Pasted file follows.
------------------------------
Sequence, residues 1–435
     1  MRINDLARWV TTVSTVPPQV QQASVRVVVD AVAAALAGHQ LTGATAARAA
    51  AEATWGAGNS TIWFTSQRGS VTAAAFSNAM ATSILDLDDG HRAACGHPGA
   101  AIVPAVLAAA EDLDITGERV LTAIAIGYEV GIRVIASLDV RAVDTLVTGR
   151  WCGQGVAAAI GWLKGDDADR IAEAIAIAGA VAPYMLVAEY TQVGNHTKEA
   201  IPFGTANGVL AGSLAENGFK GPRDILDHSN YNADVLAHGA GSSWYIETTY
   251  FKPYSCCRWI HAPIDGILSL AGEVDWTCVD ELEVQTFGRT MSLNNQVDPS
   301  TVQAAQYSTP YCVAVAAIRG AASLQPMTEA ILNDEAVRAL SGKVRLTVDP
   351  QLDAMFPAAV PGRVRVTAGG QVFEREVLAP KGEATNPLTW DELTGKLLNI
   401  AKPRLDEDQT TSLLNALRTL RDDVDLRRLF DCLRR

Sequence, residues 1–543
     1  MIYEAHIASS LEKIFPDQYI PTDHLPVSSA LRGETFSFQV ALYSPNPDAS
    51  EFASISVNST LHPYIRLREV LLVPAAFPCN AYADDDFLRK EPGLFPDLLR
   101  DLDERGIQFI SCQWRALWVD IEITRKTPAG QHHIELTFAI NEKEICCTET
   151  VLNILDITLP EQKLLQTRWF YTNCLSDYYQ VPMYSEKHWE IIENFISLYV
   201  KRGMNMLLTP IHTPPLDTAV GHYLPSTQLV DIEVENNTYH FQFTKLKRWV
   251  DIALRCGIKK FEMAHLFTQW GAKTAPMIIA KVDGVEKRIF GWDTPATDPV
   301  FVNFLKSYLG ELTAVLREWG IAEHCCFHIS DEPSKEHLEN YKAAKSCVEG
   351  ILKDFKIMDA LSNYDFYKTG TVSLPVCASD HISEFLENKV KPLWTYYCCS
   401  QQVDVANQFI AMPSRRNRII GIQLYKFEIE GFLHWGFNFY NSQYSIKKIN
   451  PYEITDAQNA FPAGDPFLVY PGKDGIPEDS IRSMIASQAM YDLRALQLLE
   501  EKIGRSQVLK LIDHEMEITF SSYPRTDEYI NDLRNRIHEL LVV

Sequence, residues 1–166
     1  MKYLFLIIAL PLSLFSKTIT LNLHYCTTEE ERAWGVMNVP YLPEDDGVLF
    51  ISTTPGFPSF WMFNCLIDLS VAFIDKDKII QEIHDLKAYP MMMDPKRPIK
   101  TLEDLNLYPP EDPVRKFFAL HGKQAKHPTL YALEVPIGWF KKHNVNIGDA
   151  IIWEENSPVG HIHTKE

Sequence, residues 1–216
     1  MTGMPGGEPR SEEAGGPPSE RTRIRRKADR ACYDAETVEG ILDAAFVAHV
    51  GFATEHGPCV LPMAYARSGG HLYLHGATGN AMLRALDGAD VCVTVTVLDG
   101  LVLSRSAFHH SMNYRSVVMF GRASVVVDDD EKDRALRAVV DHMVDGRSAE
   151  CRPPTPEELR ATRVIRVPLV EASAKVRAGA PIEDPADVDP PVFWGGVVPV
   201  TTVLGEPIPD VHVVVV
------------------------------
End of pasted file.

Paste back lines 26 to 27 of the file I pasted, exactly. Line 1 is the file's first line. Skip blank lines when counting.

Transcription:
   101  TLEDLNLYPP EDPVRKFFAL HGKQAKHPTL YALEVPIGWF KKHNVNIGDA
   151  IIWEENSPVG HIHTKE